Panel A.08 — Mapping School Segregation

Convenors Andrea Parma (Polytechnic of Milan); Debora Mantovani (University of Bologna)

Keywords school segregation, educational inequalities, school choice


Many European countries have recently promoted political reforms aimed at liberalizing the public education sector introducing schools’ autonomy and school choice (Whitty 2010), which should have reduced the relationship between residential and school segregation: parents and their children have acquired freedom of choice, which has also nurtured competition between schools.

Paradoxically, a side effect of these reforms has been an intensification of inequalities. Research has stressed that middle- and upper-class families are highly engaged in school selection strategies (Van Zanten and Obin 2010). In particular, they are more likely to avoid schools where there is a high concentration of socio-economic and culturally disadvantaged students and/or foreign-origin pupils by either enrolling their children in private fee-based schools or selecting public schools located outside their catchment area with a low concentration of groups perceived as disadvantaged. This can lead to exacerbate the uneven distribution of students with certain characteristics between schools and give rise to so-called “ghetto schools”.

Educational inequalities may also be encouraged by school systems based on tracking: academic vs. vocational institutes. The former are characterized by students with higher educational performances detected by international and national standardized tests (Oecd 2019; Invalsi 2022). Furthermore, if tracking – usually implemented in high school – is aimed at adjusting curriculum to students’ interests, empirical evidence stresses that native and middle- and upper-class children are more likely to attend an academic track – which leads to tertiary education – whereas students with disadvantaged families and/or with a migratory background are more likely to opt for a vocational track – which permit to achieve educational credentials required to enter immediately the labour market.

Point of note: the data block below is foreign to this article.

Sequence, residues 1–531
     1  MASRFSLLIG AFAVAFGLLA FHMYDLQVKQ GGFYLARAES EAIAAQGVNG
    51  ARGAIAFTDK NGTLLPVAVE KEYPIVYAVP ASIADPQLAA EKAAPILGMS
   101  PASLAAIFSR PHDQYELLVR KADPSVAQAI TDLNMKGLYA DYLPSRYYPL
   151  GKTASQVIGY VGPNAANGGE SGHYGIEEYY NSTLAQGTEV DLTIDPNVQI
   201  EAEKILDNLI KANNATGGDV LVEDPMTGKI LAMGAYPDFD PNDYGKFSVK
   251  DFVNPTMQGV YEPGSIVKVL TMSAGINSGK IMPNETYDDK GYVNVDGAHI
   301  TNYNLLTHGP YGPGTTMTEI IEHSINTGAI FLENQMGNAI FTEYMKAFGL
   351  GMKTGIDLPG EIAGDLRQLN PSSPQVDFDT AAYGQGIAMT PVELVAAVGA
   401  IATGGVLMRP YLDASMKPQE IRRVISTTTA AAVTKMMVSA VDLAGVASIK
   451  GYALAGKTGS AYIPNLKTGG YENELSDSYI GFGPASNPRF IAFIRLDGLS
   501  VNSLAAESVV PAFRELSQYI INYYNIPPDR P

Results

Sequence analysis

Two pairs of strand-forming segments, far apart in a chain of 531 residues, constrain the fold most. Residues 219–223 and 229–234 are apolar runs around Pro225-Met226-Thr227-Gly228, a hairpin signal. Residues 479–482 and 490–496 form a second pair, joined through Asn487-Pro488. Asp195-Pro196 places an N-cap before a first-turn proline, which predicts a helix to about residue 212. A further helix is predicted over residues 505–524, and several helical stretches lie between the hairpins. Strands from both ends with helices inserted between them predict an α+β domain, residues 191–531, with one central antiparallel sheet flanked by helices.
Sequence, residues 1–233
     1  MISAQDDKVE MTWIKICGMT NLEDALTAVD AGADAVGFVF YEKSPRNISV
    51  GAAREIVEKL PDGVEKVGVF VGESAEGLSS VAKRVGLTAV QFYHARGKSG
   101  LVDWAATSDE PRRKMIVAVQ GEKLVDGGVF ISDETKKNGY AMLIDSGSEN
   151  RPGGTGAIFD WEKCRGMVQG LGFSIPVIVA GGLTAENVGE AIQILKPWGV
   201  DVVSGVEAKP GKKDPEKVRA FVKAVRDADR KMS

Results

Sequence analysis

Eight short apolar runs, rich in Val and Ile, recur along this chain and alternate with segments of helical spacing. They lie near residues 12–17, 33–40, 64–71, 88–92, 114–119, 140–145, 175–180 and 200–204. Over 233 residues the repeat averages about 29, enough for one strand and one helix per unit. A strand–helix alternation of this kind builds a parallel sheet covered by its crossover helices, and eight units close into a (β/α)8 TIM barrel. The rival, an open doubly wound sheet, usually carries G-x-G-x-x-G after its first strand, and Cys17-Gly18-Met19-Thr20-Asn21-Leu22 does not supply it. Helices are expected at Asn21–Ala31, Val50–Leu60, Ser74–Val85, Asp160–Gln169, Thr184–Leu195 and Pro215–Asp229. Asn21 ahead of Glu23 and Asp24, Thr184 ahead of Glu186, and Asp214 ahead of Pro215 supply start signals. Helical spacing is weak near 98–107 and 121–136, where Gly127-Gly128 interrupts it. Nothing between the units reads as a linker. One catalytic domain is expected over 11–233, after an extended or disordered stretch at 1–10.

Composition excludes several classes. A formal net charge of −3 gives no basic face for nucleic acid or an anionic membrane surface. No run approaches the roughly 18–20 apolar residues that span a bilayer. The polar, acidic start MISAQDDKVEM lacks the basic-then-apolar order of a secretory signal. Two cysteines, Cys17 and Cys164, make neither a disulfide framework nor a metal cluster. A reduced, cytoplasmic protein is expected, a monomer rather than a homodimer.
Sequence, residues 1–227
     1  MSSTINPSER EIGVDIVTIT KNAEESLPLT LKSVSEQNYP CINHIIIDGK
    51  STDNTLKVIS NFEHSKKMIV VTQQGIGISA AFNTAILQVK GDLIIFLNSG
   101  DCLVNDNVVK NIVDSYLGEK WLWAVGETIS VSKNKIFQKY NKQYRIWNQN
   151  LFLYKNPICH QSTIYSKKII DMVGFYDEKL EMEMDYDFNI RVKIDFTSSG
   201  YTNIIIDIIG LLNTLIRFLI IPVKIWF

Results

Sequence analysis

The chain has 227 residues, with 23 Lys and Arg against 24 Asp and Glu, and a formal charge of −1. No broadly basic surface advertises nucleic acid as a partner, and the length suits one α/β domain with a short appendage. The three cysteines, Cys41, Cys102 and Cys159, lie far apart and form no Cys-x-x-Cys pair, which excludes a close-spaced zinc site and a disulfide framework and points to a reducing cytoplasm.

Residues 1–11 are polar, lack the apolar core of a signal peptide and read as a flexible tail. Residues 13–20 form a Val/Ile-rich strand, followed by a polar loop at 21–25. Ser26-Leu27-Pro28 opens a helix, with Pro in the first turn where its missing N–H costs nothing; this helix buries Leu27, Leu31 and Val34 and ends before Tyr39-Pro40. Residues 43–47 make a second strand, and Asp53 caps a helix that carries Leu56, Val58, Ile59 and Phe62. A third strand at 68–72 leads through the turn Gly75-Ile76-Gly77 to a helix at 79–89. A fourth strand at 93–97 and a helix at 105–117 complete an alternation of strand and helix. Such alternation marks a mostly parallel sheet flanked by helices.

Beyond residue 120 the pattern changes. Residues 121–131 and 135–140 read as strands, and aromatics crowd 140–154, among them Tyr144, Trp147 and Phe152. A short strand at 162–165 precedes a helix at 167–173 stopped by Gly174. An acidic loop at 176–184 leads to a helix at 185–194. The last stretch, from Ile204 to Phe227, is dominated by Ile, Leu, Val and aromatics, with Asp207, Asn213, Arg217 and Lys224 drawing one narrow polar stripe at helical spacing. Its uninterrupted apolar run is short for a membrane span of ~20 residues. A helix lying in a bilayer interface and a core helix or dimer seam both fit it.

Additionally, analysis about school segregation should not be reduced to the most visible between-school disparity but should also be investigated as differences within schools. Indeed, in order to avoid the “school flight” strategy – the phenomenon played by socio-economic and culturally advantaged families consisting in withdrawing their children from the mixed-race public schools (Boterman et al. 2019) – principals may opt for grouping pupils belonging to poor socio-economic and/or ethnic families in some classes.

Exploring school segregation in its multifaceted dimensions is relevant considering its consequences on pupils – especially those concentrated in “ghetto schools” – such as the potential presence of the so-called “school effect” on students’ learning achievements (Carbonaro et al. 2023; Dronkers 2007) and the impacts on students’ future educational trajectories (type of track chosen, decision to drop-outs).

This session aims to stimulate interdisciplinary knowledge exchange of the interrelation between school choice and the reproduction of educational inequality. In particular, this session will focus on the following topics:

– forms of social and/or ethnic school segregation;

– trends of change in educational segregation forms in metropolitan areas;

– comparative studies of educational segregation in different urban contexts;

– relationship between residential and school segregation and its determinants;

– exploration of the educational effects of segregation

– families’ school choice patterns and their consequences on school segregation;

– (un)even distribution of students among classes within schools.


Guidelines and abstracts submission